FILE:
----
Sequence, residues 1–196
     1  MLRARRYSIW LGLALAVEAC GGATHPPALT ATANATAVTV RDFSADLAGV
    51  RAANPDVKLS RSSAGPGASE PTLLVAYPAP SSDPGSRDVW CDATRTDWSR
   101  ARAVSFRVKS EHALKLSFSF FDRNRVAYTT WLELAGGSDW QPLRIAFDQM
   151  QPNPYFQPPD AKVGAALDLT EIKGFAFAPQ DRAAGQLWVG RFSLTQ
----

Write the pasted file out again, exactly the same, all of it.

Sequence, residues 1–196
     1  MLRARRYSIW LGLALAVEAC GGATHPPALT ATANATAVTV RDFSADLAGV
    51  RAANPDVKLS RSSAGPGASE PTLLVAYPAP SSDPGSRDVW CDATRTDWSR
   101  ARAVSFRVKS EHALKLSFSF FDRNRVAYTT WLELAGGSDW QPLRIAFDQM
   151  QPNPYFQPPD AKVGAALDLT EIKGFAFAPQ DRAAGQLWVG RFSLTQ